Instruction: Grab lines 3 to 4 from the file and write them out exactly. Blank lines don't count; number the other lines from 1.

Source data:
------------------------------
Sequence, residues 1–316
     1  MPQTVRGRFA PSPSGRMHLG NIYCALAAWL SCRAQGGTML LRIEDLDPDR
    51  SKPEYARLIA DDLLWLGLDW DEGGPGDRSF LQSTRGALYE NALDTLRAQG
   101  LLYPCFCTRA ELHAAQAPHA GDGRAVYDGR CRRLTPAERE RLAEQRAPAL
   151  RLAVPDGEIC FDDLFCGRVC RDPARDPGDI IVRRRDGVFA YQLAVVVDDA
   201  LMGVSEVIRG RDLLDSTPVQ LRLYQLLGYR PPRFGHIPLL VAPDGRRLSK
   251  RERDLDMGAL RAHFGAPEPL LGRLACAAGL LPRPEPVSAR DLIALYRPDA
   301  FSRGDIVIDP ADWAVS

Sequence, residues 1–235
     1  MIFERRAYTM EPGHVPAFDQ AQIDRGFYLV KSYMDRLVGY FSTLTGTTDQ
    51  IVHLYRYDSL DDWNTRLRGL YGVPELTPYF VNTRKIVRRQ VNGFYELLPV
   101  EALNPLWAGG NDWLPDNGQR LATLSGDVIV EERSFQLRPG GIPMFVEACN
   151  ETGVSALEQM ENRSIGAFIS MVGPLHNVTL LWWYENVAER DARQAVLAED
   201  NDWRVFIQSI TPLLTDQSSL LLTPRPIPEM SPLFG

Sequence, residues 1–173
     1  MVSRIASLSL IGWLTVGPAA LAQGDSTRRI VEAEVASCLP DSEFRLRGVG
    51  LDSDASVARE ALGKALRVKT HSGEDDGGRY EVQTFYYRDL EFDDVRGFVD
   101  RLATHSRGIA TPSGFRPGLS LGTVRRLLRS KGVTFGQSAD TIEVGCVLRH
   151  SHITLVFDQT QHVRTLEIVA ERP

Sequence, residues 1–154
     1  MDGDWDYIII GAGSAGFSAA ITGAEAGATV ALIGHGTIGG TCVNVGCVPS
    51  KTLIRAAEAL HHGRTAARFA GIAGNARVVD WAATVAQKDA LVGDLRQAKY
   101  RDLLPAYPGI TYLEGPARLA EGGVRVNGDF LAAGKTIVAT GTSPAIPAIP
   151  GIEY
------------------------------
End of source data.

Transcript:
    51  SKPEYARLIA DDLLWLGLDW DEGGPGDRSF LQSTRGALYE NALDTLRAQG
   101  LLYPCFCTRA ELHAAQAPHA GDGRAVYDGR CRRLTPAERE RLAEQRAPAL